Now you’re totally controlled. You’re never going to be allowed to take the kind of photographs I did in Vietnam. The whole rule-book has been re-written.
[Quote from the film]
* * *
In addition to his war photography, McCullin had many more assignments for the Sunday Times, recording everyday British life, especially but not exclusively in poverty-stricken areas. These were regularly published in the colour magazine supplement of the newspaper, which is perhaps why for a certain generation they are so memorable.
But the sheer amount of death and degradation McCullin witnessed eventually took its toll on him, and, as the previous post describes, he turned to landscape photography for his salvation.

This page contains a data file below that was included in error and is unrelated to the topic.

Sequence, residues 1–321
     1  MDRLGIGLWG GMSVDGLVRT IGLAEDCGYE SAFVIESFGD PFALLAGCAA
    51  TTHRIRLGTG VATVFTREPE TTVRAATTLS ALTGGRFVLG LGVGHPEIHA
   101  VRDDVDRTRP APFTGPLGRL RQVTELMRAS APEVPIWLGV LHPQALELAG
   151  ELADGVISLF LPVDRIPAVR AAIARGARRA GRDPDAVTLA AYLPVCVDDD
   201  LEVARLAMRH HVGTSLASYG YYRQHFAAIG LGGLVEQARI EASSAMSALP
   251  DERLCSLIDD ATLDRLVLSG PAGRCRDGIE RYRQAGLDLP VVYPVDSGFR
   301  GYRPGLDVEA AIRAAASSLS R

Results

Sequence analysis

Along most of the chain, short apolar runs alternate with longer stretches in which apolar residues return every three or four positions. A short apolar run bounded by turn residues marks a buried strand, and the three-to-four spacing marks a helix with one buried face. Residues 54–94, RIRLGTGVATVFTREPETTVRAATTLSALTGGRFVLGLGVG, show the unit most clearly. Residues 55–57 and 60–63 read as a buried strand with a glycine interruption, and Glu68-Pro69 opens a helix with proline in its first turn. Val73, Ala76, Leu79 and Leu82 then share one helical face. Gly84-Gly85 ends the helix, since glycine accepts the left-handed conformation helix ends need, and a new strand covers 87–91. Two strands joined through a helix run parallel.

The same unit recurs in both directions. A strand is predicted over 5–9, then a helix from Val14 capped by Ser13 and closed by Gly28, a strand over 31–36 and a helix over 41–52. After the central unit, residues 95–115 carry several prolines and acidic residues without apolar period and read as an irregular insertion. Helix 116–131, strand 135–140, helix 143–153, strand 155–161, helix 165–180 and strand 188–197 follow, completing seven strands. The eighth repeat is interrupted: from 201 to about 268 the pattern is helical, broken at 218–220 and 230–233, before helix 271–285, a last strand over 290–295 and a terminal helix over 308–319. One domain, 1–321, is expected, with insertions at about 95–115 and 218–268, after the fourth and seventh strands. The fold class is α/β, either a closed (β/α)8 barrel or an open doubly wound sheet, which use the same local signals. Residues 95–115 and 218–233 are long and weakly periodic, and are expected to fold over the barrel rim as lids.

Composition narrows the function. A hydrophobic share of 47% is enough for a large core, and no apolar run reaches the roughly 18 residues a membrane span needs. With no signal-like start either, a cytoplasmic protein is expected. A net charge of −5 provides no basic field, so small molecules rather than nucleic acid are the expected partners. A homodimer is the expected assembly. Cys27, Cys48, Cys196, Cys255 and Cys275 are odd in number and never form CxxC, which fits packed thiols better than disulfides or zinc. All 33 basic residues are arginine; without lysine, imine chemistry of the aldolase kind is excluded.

I took a great interest in English landscape photography because I’d seen so much tragedy and war – so much misery and pain and suffering – it began to damage me. If it didn’t, I wouldn’t be a really straightforward, normal human being, I would be a monster … I’d seen too much, and then I needed to release this pain and this tension that was building in me.
I started doing my landscapes and people started saying nice things about them. They used to often say at the same time, why are they so dark? The simple reason is because I’m dark, war made me a dark person…. War gave me something, but it took something away from me. Luckily it didn’t take my life away.
From Seeking the Light, a short film made for Canon  in which McCullin aged 77 makes the switch from his ‘cumbersome, old’ camera to a modern digital one … and is delighted by its capabilities.
“Photography is the truth, if it’s being handled by a truthful person”
[Don McCullin, quote from the film]